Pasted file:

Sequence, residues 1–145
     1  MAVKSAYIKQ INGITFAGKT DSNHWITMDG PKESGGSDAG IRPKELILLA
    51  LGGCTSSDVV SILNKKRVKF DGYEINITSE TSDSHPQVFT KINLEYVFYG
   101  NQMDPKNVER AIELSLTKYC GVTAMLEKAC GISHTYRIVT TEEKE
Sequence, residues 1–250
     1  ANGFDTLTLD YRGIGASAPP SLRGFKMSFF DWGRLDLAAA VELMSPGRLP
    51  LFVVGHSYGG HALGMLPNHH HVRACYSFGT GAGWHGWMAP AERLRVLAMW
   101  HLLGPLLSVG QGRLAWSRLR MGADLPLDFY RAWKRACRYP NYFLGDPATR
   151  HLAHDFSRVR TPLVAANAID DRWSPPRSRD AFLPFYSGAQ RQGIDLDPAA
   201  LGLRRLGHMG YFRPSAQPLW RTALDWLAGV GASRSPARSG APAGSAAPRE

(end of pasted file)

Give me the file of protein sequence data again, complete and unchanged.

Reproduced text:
Sequence, residues 1–145
     1  MAVKSAYIKQ INGITFAGKT DSNHWITMDG PKESGGSDAG IRPKELILLA
    51  LGGCTSSDVV SILNKKRVKF DGYEINITSE TSDSHPQVFT KINLEYVFYG
   101  NQMDPKNVER AIELSLTKYC GVTAMLEKAC GISHTYRIVT TEEKE
Sequence, residues 1–250
     1  ANGFDTLTLD YRGIGASAPP SLRGFKMSFF DWGRLDLAAA VELMSPGRLP
    51  LFVVGHSYGG HALGMLPNHH HVRACYSFGT GAGWHGWMAP AERLRVLAMW
   101  HLLGPLLSVG QGRLAWSRLR MGADLPLDFY RAWKRACRYP NYFLGDPATR
   151  HLAHDFSRVR TPLVAANAID DRWSPPRSRD AFLPFYSGAQ RQGIDLDPAA
   201  LGLRRLGHMG YFRPSAQPLW RTALDWLAGV GASRSPARSG APAGSAAPRE